Sharing stories of people doing both good and great things inspires others. When it comes to giving, people can often feel shame and inadequacy. However, the Bible reveals great nuggets from people who lived attainable, generous lives on a daily basis. I recently read through the Gospel of Luke and was captured by these stories of generosity. Jesus introduces us to men and women, both mature and immature in their faith. He describes both real and fictional characters engaged in very normal activities; still, they manage to live abundantly generous lives. Some of these characters are expected, while others are rather unexpected. Here are some giving stories from the Bible about people that Jesus knew and wants us to know.
The Unsuspecting Giver (Luke 8:1–3)
Luke 8:1–3 tells us about some of the early actions of the 12 disciples and several ladies. These early recruits were newbies in the faith, straight out of the marketplace. On top of that, the women are described as formerly having evil spirits, diseases, and demons. This is probably not the list that most would make heroes of, or at least not just yet.
Still, these early adopters who are taking their first steps of faith are said to be supporting Jesus “out of their own means,” and Jesus wants to make sure you know them. There are no high and lofty requirements to generosity. Just give.
The Called Giver (Luke 9:3, 10:4)
Luke 9:3 and 10:4 introduces us to an extreme giving request of Jesus. He called His early disciples, over 80 of them, to give up everything for the sake of a short-term mission trip. He sent them all out into the harvest, to share the good news and help people with their needs. Jesus called them to go, take nothing, not a dime or a change of clothes, not even a snack. We are called to support Jesus both out of our means and at times by giving up all that we have. Don’t worry, you won’t be the first or last person Jesus asks or sends out—just one of many who have learned to enjoy the adventure.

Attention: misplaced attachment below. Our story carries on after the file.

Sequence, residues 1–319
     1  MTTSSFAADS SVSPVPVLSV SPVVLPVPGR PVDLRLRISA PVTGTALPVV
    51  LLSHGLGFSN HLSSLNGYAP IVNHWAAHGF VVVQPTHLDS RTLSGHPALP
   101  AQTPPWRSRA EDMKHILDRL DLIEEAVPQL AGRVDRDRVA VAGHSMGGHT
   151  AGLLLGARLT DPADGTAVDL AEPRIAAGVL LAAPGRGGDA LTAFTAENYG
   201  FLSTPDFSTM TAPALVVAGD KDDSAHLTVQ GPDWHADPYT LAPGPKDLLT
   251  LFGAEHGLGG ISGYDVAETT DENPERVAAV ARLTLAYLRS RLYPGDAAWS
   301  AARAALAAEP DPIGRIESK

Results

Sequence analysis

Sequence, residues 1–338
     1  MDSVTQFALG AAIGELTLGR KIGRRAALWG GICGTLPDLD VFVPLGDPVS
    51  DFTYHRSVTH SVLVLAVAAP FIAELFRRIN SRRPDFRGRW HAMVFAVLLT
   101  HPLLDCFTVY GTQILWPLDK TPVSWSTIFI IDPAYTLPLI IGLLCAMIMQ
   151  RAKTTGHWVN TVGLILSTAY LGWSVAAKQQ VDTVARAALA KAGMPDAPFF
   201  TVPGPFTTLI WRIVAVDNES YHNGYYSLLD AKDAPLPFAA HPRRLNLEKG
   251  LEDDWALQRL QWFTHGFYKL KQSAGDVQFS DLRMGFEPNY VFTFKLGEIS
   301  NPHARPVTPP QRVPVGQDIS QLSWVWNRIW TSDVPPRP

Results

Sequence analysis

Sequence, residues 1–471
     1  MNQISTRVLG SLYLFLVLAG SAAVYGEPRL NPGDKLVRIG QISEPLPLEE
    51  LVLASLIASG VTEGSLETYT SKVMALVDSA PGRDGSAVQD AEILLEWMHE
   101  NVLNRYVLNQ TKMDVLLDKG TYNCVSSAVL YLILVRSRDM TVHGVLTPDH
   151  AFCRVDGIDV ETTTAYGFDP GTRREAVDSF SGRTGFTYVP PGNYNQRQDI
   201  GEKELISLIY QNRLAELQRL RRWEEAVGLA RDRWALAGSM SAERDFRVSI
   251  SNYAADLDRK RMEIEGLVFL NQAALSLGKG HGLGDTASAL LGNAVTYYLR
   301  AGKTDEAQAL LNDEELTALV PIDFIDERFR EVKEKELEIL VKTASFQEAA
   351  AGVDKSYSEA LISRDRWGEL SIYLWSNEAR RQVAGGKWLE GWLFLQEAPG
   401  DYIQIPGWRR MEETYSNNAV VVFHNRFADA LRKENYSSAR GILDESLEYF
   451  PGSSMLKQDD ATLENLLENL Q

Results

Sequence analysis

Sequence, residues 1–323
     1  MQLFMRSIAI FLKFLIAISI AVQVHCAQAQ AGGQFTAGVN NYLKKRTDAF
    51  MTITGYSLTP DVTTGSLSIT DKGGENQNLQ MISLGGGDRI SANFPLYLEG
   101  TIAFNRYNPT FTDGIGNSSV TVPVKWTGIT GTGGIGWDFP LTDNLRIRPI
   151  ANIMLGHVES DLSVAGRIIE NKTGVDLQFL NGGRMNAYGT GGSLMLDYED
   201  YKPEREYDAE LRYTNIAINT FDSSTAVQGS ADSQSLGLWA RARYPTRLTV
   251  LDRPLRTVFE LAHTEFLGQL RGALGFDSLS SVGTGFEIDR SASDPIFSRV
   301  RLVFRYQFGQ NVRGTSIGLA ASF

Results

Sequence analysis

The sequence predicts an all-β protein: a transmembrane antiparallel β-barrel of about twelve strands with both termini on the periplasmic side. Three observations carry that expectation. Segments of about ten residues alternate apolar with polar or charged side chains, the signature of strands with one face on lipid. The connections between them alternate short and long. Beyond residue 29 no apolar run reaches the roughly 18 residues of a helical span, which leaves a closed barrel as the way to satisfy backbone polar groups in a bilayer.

The Compassionate Giver (Luke 10:35)
Luke 10:35 introduces us to a fictional character, but the story is powerfully real. Today we call him the Good Samaritan, a man who allowed his day to be interrupted. He didn’t permit the inconvenience or expense to stop him. Whatever others may say about his investment in a troubled person did not matter. He gave compassionately and comprehensively. No trite pat on the back here. Rather he gave time, energy, and resources over an extended period for a man he may never see again. Giving people are both simple and alert. This story could look a little heroic, but it’s really just common courtesy. If you can’t be stopped in your tracks, you will never be able to give compassionately.
The Investing Giver (Luke 10:15)
Luke 10:15 is another fictional character in a very real situation. It’s a successful businessman tempted by greed. His thriving business has put him in a quandary: His barns are too small, so he builds bigger barns to store his wealth and coast into the future. Only life changes and his money can’t solve his spiritual problem. Focusing on an earthly investment did not pay off as he anticipated. Jesus instructions are to live by faith and don’t trust in worldly wealth. Instead, sell your possessions and give to the poor. This will reap an unstoppable reward and grow a heart toward God. Seeing the future clearly helps us hold loosely to the things of today.
The Fake Giver (Luke 18:22)
Luke 18:22 shares about a man who lived on the dark side of generosity. We commonly call him the Rich Young Ruler. He appears to desire a relationship with Jesus; however, as the story unfolds we learn where his heart really is. At first, he is so proud of his religious life, but then Jesus exposes that it is paper-thin. No hero here. This is only a stark reminder that the Rich Young Ruler can be a stealthy resident in the life of very religious people. He chooses to fail at generosity, and he had all the resources to accomplish it. How sad.
The Transformed Giver (Luke 19:8)
Luke 19:8 provides us with an immediate and rather bold response of faith. It comes from Zacchaeus. He is a brand new follower of Jesus—less than one day. He is really wealthy, just like the Investing Giver and the Fake Giver. Jesus doesn’t ask him to show his faith through generosity at all. This still doesn’t stop Zaccheus from thinking about it on his own. He confesses his financial sins, having been a cheat and thief. Then he demonstrates a changed life by giving half of his possessions to the poor and paying back anyone he wronged four times what he owed them. Jesus said we would be known by things like love and fruit. Generosity is a great demonstration of both.
These are just a few of the giving stories in the Bible. Why not pick one of the stories and share it with someone else? Why not make a commitment to learn and live the lessons of one of them this week? You might even consider reading one of the stories to your family and create a family practice of learning to live generously.